Users expect the computer to shut down completely and the monitor to turn off when they click the Shut Down button in the Windows 10/11 Start menu. However, in some cases, the computer or laptop doesn’t shut down: the display doesn’t turn off, the fans of the motherboard, or the power supply are still working and making a noise, the indicator lights are on, etc. In this article, we will look at what to do if your Windows computer is not shutting down properly.
Tip 1: Disable Fast Startup
The first thing you should try is to disable Fast Startup in your Windows. The feature was introduced in Windows 8.1 and is enabled by default in both Windows 10 and Windows 11 on all devices that support Fast Startup mode. Fast startup mode is a hybrid between hibernation and full shutdown of the computer. It is designed to speed up your operating system’s load time.
Here’s how to disable Fast Startup in Windows:
- Go to the power management section of the Control Panel (
- In the left panel, select Choose what the power buttons;
- Click Change settings that are currently unavailable;
- Uncheck the Turn on fast startup (recommended) option and save the changes.
Tip 2. Shutdown a Windows computer from the command prompt
If Windows Fast Startup is preventing your computer from shutting down properly, you can try turning off your device from the command line. Open a command prompt as an administrator and try shutting down the computer using the shutdown command:
shutdown /s /f /t 0
If your computer shuts down correctly after using this command, you can create a desktop shortcut for this command and run it every time you want to shut down Windows.
Tip 3. Disable scheduled tasks and drivers that prevent Windows from shutting down
Run the command:
You should see a list of processes, drivers, and scheduled tasks preventing Windows from shutting down or hibernating. Ideally, every entry here should be None.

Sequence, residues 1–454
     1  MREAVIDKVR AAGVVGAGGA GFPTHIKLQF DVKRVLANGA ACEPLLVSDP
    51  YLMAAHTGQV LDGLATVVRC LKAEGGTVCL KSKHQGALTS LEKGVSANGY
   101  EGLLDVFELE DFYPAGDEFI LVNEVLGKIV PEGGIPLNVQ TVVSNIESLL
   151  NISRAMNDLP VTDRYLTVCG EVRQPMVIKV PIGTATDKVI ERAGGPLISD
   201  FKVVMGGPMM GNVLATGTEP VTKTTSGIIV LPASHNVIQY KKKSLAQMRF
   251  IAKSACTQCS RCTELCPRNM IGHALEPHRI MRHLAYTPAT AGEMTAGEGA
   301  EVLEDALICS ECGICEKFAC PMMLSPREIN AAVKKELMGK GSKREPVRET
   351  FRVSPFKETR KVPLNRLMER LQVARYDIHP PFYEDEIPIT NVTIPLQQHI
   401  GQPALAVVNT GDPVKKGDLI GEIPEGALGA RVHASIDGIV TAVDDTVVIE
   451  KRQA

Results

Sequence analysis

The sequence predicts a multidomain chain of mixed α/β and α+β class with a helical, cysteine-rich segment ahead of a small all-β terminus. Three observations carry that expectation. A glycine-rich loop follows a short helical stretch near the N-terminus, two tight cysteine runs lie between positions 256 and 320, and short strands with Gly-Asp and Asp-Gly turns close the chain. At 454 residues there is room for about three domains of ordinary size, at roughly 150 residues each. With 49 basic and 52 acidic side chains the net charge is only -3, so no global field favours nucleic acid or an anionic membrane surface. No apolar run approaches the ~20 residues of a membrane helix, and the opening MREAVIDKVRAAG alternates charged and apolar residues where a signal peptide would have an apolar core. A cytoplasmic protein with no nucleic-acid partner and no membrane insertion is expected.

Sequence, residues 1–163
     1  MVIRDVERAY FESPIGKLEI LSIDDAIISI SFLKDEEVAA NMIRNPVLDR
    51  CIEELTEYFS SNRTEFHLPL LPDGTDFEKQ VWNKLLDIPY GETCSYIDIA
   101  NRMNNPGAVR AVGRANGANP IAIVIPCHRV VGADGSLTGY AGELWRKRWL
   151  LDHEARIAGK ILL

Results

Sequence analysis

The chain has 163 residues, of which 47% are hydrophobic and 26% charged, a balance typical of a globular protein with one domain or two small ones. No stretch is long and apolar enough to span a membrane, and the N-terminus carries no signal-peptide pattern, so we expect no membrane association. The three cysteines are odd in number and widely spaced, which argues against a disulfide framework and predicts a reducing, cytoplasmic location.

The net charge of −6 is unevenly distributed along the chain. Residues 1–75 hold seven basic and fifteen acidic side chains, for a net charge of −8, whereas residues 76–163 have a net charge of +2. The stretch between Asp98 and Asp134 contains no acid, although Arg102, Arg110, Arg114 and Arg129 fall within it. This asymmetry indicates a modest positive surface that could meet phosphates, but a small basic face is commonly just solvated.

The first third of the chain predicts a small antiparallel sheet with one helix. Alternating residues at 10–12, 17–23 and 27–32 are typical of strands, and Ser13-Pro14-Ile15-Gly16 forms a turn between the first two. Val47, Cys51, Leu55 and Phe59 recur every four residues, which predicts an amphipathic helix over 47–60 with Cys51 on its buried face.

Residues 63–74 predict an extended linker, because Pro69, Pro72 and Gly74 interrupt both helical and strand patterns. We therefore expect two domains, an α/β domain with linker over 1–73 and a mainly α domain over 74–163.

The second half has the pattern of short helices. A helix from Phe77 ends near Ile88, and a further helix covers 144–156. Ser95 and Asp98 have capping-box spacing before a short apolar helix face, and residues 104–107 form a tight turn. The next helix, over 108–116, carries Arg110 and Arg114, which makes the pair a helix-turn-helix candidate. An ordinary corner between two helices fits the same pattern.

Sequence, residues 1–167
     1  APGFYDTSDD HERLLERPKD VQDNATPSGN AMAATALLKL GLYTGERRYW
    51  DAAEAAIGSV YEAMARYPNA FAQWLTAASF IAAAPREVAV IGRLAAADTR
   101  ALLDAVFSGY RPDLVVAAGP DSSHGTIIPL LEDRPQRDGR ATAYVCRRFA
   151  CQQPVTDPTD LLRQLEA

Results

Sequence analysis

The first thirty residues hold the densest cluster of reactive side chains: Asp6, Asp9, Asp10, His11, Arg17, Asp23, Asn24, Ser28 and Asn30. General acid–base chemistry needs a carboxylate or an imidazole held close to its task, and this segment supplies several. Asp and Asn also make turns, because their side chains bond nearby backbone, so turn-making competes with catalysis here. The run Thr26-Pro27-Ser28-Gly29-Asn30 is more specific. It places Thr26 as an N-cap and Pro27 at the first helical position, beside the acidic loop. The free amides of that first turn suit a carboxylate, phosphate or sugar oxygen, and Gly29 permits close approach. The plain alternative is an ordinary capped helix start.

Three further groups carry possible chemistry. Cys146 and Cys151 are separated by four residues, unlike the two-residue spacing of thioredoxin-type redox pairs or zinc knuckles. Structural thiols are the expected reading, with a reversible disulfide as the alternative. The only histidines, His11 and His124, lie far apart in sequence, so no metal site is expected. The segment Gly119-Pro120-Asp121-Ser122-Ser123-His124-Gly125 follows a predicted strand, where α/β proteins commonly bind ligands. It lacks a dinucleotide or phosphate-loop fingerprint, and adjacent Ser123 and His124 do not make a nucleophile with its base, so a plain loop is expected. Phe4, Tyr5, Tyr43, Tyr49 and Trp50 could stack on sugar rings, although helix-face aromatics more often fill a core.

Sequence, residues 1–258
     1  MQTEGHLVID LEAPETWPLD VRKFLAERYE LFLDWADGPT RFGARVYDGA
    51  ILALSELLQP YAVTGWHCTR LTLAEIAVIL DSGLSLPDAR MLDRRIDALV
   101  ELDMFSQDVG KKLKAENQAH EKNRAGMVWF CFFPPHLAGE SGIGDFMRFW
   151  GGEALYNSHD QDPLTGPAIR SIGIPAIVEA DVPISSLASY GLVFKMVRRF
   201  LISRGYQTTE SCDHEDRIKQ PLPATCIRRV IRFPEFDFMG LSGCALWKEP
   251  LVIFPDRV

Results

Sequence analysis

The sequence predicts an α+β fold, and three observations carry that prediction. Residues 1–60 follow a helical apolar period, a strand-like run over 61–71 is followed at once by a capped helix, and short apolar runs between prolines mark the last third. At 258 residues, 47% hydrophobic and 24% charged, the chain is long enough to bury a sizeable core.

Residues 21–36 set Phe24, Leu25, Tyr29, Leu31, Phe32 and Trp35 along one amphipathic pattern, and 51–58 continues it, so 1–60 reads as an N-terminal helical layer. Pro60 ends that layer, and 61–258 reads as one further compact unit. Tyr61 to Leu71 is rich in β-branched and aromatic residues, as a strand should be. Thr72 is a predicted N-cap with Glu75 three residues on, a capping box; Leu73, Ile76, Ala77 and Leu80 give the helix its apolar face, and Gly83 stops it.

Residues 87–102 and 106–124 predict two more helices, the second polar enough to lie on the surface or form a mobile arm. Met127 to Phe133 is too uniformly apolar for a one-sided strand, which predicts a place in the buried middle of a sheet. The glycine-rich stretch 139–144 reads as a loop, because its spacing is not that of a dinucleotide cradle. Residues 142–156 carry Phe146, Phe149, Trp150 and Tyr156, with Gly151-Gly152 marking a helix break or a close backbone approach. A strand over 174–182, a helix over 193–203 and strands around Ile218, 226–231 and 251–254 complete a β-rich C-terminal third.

What you need to do is shut down the corresponding processes, stop/disable the services (if applicable), and update the device drivers. As for the scheduled tasks, go to the Conditions tab in Task Scheduler and uncheck the Wake the computer to run this task option.
Tip 4. Check the device power parameters
Make sure that the hardware settings do not allow devices to wake up the computer from sleep (standby) mode:
- Open the Device Manager (
- Expand Network Adapters and go to the properties of the Ethernet or Wi-Fi adapter that you are using to connect to the network;
- Go to the Power Management tab and make sure that the Allow this device to wake up the computer option is disabled;
- Similarly, check the settings for USB root hubs and Bluetooth adapters.
Here are some other things to check if none of the previous methods have helped to shut down your computer:
- Make sure that you have disabled the Windows automatic reboot on system failure (
SystemPropertiesAdvanced.exe-> Advanced -> uncheck Automatic Restart);
- Open advanced Power Options in Control Panel\All Control Panel Items\Power Options\Edit Plan Settings. Check that the Hard Disk is set to turn off the drive after 20 minutes (the default) and that the Allow wake timers is disabled under Sleep.
- Check the kill timeout values for processes and services in the registry (in milliseconds). The default value for Windows 10 is shown below.
HKEY_LOCAL_MACHINE\SYSTEM\CurrentControlSet\Control WaitToKillServiceTimeout = 5000
Also check that no parameters are set for the user (if they are, change them to the values specified):
HKEY_CURRENT_USER\Control Panel\Desktop AutoEndTasks = 1 HungAppTimeout = 5000 WaitToKillAppTimeout = 5000
- Update your hardware drivers;
- Disable the Windows Update Delivery Optimization service;
- Try running Power troubleshooter:
msdt.exe /id PowerDiagnostic